Backstory and Context
Located in the heart of the small town of De Kalb, Westlawn cemetery has continuously been the burial ground for the region of Bloomington Township for nearly 180 years. Among the earliest settlers of Buchanan County, and one of the very first in the area that would become De Kalb, was Hiram Roberts. Roberts came to the county from Kentucky in 1836, one year before the county was officially opened. When it came to the attention of the government that squatters such as Roberts had illegally moved onto the land, troops were sent from Fort Leavenworth to remove them. Due to the secluded location Hiram Roberts chose for his home, he was one of the only squatters to successfully evade capture. Hiram Roberts and his wife Rachel stayed in De Kalb for the next 45 years until their deaths in April of 1881. Despite being prominent members of the community, both Hiram and Rachel share a modest monument in Westlawn Cemetery.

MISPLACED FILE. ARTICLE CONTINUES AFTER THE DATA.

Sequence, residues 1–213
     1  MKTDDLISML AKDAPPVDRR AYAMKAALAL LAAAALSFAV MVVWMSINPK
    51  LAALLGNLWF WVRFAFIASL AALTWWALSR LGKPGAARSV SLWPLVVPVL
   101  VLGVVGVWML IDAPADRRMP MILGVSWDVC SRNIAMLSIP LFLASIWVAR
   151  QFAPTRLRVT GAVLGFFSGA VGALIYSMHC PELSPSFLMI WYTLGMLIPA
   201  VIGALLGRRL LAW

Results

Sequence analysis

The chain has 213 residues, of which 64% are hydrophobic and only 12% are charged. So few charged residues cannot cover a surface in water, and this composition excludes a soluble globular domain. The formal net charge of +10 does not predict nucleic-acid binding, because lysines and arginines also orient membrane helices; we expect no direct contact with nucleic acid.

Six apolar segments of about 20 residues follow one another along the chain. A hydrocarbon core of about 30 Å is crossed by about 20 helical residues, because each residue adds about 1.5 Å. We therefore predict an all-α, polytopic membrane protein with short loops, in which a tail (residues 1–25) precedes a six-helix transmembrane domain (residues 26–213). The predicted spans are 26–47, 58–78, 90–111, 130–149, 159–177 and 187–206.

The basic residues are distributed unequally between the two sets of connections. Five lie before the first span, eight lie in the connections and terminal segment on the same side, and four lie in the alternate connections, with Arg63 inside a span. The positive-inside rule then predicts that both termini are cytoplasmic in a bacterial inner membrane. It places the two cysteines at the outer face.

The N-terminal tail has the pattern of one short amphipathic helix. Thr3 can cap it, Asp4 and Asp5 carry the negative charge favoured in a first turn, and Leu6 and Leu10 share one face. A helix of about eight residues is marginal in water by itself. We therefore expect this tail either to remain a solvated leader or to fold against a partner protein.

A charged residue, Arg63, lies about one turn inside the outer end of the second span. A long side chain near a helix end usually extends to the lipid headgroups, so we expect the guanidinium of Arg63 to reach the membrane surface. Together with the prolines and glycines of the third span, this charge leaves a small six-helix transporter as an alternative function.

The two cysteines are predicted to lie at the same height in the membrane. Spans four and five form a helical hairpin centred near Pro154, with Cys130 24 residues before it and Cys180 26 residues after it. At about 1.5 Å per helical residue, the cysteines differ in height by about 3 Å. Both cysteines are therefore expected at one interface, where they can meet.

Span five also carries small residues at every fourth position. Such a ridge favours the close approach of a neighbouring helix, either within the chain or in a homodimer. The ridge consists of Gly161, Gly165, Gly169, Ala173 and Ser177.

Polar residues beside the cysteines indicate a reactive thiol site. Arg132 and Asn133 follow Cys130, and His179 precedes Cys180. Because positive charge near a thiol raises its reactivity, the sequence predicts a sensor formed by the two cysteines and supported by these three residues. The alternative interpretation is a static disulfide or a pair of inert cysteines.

One of the most impressive monuments within the cemetery is that of William and Ellen Farris, prominent farmers in the late 1800’s. The monument consists of two pillars connected at the top by an arch, representing the bonds of matrimony, behind an elaborate wrought iron fence. (Due to the fragile nature of the monument, please take great care and refrain from touching.)
Within the older section of the cemetery nearest to the school, there are also many beautiful examples of mid 19th century iconography and engraving:
Rose- Purity, often on the graves of women
Weeping Willow- Grief and sorrow, one of the most popular motifs of the early 19th century
Clasped hands- matrimony or heavenly welcome/earthly farewell.
Hand pointing up- the soul has risen to heaven
The History of Buchanan County, Missouri, Union historical company
Gone Together, The St. Joseph Weekly Gazette, St. Joseph Mo